Heatbed Thermistor discrepancy
MortarArt last edited by MortarArt
I currently have 3 printers running off of Duet boards, and one off of a RAMBO. All the Duet boards have Robotdigg Silicone heater, with the values:
M305 P0 L-8 H-8 T100000 B3950
The silicone is topped with an aluminium sheet, black BBQ paint, and glass from various suppliers. When one of the heaters reaches a 90c reading, it returns 90c with an IR heat gun. The other beds return this with a 120c reading.
The behaviour with layer adhesion at 90c on the errant heatbed is the same as the others at 120c. I print mostly in ABS and ASA, hence the high temperatures.
PLA is 55c and 65c respectively.
Is there a way to either adjust the target temperatures to reflect this in a slicer / firmware, or is there a likely different resistance value on the thermistor at play here?
First, unless your Duets are the older sort (Duet 06 or 085) then you shouldn't use the H and L parameters unless you have calibrated the ADC using 1% or better tolerance resistors. If you do need the H and L parameters then they will be different for each Duet.
If you are using Duet WiFi or Duet Ethernet then the differences might be due to the thermistors not being very accurate. If the reading at room temperature is accurate but the reading at high temperatures is not, then it's the B value that you need to adjust.
Note, when using a glass sheet on top of the bed, the surface temperature at 100C will be around 10C lower than the temperature of the aluminium. So it's normal to measure about 10C lower than the indicated temperature. Also, if the thermistor is embedded in the heater instead of being mounted directly on the aluminium, then there will also be a drop between the thermistor temperature and the aluminium temperature, perhaps another 10C, or even more when the heater is working hard. So the 120C reading may actually be the true thermistor temperature when the bed surface is at 90C.
Ah, yeah, so I have one 0.6 board on an old delta, and 2 wifis. That's probably a carry over from the firmware on that board.
I'll have a look at the reading between the two wifis at room temperature since they have the most similar physical build. With the silicone mats, the thermistor is in an insulated pouch, under the mat proper. It's possibly much more connected to the heater than with the kapton heater I have, but this doesn't seem to produce much of a real difference in readings.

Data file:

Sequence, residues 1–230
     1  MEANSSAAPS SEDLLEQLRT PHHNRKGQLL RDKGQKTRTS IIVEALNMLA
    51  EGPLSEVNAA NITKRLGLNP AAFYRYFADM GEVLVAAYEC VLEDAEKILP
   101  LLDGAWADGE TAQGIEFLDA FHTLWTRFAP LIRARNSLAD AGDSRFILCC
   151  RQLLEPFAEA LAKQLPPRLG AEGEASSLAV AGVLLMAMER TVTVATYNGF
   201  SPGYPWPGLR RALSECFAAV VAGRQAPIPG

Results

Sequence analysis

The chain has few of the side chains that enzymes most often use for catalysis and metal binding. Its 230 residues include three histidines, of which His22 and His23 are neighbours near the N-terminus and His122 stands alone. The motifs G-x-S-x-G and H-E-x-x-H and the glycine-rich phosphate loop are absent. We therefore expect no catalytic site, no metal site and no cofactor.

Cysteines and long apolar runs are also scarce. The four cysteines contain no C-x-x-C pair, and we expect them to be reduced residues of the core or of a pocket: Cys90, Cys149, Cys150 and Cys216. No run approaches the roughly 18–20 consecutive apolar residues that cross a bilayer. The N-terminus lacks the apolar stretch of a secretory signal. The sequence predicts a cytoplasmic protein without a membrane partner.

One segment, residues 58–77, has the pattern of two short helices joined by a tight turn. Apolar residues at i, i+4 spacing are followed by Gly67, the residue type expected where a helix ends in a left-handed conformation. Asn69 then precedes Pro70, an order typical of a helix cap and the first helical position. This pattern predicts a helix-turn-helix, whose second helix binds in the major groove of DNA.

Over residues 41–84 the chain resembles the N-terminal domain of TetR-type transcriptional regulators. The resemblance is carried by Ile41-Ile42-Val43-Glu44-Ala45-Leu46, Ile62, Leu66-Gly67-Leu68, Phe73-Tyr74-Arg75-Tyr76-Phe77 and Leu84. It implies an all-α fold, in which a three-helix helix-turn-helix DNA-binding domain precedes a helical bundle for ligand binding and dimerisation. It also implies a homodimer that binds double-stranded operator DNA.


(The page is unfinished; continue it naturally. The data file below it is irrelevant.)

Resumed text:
I'll work on the B value and see if I can get it to correlate. It's just annoying having separate profiles in slic3r!
Dougal1957 last edited by
@mortarart try upping the B value to about 4010 I managed to get a Thermistor table from Keenovo and fed it thru a Spreadsheet that David sent me and for accuracy at 100 C I worked it out as 4008 for 120 it would need to be a little higher number but I don't have either the table or the Spreadsheet anymore after I lost my Windows machine to a crash
Just a quick update. B4010 did not work. It was set to 3950 initially so that's not surprising. Not much of a change from the default.
So in the end, I measured resistances at various temperatures, and while I'm not really sure how this works, the following gave me a B value of 3535k.
15c - 150000 resistance
70c - 210000 resistance
Now, the IR temperature measurement returns a lower number, and the heater is capable of topping 100c (firmware reading) which it was previously seemingly incapable of. There still seems to be about a 20c discrepancy left however, and I wonder if that's due to the thermistor placement. The other silicone mats, and the kapton mat all have a thermistor in the middle, while this one is within about 5cm of the edge of the bed.
Would lowering the B value further be advised, in order to get reads that reflect the same surface temperature?
Personally I accept what the firmware tells me, and I add whatever I find to be necessary to get good results. For example, I print PLA using an indicated bed temperature of 70C which in theory is too high (above the glass transition temperature of 55C). I am using a thermistor embedded within a silicone heater (which is not good if I want accurate temperature readings), and a 4mm thick glass bed (also not good).
Yeah fair enough. Adjusting the B value has resulted in reducing the temperature that the heatbed is actually outputting. That's a good enough solution for this for me. Hoping I won't have to do it with future printers.